A necessary ‘sanctuary’ for the state’s oil and gas industry
Louisiana State Representative Danny McCormick recently introduced Bill 617, which seeks to designate and declare Louisiana a fossil-fuel “sanctuary” state to protect our oil and gas industry – a crucial part of our state’s economy – which is again under attack, this time by the Biden administration.
There is certainly a precedent for McCormick’s legislation. We’ve seen cities and sanctuary states across the country, even without enabling legislation like McCormick’s, refuse to help enforce federal immigration law regarding the location and deportation of illegal aliens, including often criminal aliens. So the idea of a state ignoring federal law is not new.
And, while McCormick’s legislation will face a bitter struggle due to the supremacy clause of our US Constitution – which essentially declares that federal law trumps state law – this in no way diminishes the principle. which underlies the legislation.
After:Royal Alexander: court packaging is reckless and unwarranted
We are talking about the principle of state sovereignty. We must remember that our Constitution created and designed our federal government and all 50 state governments to exist as co-equal sovereigns. This principle of state sovereignty is powerfully pronounced and preserved by the 10th Amendment which clearly and succinctly declares that rights which are not specifically and expressly enumerated in our Constitution as being accorded to the federal government are reserved for the states and the people.
Derived from the 10th Amendment, the legal theory on which the legislation is based is the concept of annulment. It is the process by which a state would overturn or declare null and void a federal law that violates the Constitution.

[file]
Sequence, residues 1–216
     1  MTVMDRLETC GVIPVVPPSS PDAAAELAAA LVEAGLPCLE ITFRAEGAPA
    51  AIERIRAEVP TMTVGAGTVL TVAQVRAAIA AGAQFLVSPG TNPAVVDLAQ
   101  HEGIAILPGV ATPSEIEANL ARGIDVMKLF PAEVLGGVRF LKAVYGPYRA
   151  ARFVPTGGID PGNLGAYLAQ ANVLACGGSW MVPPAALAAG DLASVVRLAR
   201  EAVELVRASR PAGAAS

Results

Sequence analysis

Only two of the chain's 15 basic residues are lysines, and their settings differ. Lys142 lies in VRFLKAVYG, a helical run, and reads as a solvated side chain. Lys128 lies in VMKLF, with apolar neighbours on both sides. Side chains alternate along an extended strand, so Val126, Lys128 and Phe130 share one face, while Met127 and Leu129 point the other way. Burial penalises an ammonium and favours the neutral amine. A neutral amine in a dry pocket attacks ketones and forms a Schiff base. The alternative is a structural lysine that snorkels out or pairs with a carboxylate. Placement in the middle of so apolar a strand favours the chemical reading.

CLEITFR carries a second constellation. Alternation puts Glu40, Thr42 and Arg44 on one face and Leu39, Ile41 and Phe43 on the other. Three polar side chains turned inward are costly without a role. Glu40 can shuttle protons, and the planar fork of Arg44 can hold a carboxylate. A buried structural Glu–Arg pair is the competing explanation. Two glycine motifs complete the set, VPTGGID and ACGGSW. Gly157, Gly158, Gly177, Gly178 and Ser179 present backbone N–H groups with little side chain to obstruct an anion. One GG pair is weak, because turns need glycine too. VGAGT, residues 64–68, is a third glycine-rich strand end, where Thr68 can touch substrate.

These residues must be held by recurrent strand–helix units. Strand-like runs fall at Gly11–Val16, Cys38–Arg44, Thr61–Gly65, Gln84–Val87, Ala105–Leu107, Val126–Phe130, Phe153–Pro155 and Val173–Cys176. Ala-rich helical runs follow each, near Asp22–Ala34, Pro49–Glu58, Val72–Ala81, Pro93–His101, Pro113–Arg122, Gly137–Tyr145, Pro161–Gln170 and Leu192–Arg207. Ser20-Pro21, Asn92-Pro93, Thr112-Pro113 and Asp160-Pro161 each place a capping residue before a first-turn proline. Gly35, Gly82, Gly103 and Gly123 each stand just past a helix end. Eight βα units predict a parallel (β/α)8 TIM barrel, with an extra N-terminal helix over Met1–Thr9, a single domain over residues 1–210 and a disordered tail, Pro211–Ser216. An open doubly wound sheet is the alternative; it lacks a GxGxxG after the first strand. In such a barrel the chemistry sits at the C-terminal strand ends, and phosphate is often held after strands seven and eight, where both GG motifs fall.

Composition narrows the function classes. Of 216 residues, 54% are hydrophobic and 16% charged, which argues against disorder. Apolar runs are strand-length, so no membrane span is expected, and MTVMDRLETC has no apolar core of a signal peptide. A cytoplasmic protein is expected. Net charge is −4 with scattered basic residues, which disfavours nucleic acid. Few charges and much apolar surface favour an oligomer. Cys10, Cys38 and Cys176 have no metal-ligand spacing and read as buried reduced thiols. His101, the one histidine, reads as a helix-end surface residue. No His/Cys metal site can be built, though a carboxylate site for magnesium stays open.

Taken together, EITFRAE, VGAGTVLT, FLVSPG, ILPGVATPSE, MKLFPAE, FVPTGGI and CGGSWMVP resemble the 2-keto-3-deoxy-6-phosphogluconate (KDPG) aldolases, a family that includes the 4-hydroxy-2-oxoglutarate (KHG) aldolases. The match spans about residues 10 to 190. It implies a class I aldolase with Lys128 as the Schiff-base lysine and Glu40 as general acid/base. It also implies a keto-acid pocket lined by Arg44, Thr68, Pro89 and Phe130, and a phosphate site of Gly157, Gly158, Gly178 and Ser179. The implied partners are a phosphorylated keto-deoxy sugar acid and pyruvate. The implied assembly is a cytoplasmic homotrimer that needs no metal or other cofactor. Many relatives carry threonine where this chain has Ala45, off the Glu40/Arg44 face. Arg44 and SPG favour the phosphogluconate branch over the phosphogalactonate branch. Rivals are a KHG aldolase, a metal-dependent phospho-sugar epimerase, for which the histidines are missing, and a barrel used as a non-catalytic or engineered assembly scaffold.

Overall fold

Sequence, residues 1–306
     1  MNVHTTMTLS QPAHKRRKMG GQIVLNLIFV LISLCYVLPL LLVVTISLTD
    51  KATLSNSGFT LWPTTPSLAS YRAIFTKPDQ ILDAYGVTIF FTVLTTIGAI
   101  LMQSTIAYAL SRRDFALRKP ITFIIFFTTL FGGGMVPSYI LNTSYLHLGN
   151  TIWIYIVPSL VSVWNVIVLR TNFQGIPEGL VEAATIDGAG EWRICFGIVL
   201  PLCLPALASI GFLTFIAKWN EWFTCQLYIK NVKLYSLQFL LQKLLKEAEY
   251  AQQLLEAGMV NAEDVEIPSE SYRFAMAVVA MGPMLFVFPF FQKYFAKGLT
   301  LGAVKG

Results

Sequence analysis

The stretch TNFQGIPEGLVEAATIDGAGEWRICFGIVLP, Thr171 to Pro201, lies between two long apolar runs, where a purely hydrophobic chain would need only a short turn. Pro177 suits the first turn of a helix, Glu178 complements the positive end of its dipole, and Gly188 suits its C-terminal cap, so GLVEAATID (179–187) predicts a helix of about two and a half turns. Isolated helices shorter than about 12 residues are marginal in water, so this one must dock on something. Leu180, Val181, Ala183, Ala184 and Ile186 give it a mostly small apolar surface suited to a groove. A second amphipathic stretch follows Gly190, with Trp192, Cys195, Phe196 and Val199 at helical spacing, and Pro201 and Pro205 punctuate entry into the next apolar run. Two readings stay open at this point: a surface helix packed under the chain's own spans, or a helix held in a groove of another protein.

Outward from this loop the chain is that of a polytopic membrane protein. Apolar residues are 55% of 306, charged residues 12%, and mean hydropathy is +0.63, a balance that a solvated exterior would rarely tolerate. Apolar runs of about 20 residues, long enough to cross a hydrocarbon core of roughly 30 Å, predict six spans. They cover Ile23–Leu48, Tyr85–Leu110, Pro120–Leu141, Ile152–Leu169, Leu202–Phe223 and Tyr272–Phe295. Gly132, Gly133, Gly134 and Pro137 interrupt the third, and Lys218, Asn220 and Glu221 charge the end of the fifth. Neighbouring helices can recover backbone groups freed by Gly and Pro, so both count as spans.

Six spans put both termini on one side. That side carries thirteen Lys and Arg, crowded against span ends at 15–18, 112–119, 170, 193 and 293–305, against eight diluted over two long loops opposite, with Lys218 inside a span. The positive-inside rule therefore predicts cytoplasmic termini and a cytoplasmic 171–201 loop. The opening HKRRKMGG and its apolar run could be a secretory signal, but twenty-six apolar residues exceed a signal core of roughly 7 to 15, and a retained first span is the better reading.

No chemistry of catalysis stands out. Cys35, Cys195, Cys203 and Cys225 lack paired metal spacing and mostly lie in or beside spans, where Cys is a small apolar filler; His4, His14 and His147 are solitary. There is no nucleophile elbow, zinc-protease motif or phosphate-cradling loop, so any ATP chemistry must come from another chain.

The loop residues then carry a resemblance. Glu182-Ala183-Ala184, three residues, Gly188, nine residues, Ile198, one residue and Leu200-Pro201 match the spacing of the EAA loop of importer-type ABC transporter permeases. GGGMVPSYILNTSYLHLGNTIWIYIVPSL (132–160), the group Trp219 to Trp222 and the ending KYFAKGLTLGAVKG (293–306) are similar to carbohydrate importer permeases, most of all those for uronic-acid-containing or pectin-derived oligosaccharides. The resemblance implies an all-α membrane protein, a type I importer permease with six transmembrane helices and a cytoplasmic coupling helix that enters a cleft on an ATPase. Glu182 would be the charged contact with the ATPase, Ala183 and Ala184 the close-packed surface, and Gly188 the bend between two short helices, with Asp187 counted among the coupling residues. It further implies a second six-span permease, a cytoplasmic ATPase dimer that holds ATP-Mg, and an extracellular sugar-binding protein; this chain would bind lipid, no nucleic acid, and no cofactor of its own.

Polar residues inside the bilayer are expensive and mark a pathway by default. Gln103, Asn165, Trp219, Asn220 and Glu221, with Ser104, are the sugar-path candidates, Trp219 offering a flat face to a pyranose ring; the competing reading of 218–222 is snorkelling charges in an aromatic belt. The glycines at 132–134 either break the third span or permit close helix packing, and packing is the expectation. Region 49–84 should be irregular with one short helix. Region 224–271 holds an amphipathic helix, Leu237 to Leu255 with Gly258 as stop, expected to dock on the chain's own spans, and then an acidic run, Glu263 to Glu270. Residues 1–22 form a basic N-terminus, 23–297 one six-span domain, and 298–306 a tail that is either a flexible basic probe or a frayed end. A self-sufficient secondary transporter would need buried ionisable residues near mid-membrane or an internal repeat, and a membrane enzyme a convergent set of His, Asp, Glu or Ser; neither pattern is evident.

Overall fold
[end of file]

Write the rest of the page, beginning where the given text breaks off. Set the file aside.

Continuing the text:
Here, the constitutional violation arguably includes the fact that the oil and gas industry, a major industry in Louisiana with tens of thousands of jobs directly and indirectly flowing from it, are “owned” by Louisiana companies and companies. individual citizens who are private because of the law. “This also arguably amounts to a 5th Amendment” taking “for” public use “but” without fair compensation. “
(We must note that fossil fuel production has come under relentless attack, around the world, supposedly to combat the centuries-old cyclical warming and cooling of our planet. However, according to Dr. Patrick Moore, co-founder of Greenpeace, “There is no scientific evidence that human emissions of carbon dioxide are the dominant cause of minor warming of the Earth’s atmosphere over the past 100 years … no real evidence, as understood in science, is actually exists. “)
McCormick’s legislation, similar to how cities and sanctuary states have ignored federal immigration law, would likely work like this: the federal government would obviously still be free to enforce its own anti-oil and gas regulations with its own resources, but states like Louisiana could. just tell the federal government “we are not going to cooperate to help you enforce these laws” with our own efforts, funds, assets or resources.
Indeed, the United States Supreme Court has ruled that while the federal government can suspend federal dollars from states to induce certain conduct, it cannot “requisition” states and force them to do so.
There is no question that the economic impact of federal laws and regulations on Louisiana’s oil and gas industry has been devastating. For this reason, we can and must find a way to balance energy and industry with good environmental management while remembering that the worst environment we can find ourselves in is to be cold, hungry and unemployed. .
After:Royal Alexander: A new and growing crisis on our southern border
(I am confident that if the Biden administration also goes too far on other issues such as 2nd Amendment gun rights and gun ownership, we will see more states undertake efforts like this one. -this.)
Again, this business will obviously face a lot of hurdles, but that doesn’t mean it’s not worth it. Our writers fully recognized that shared and egalitarian power between federal and state governments would necessarily involve tensions and frictions, which they saw as healthy in our system of dual sovereignty.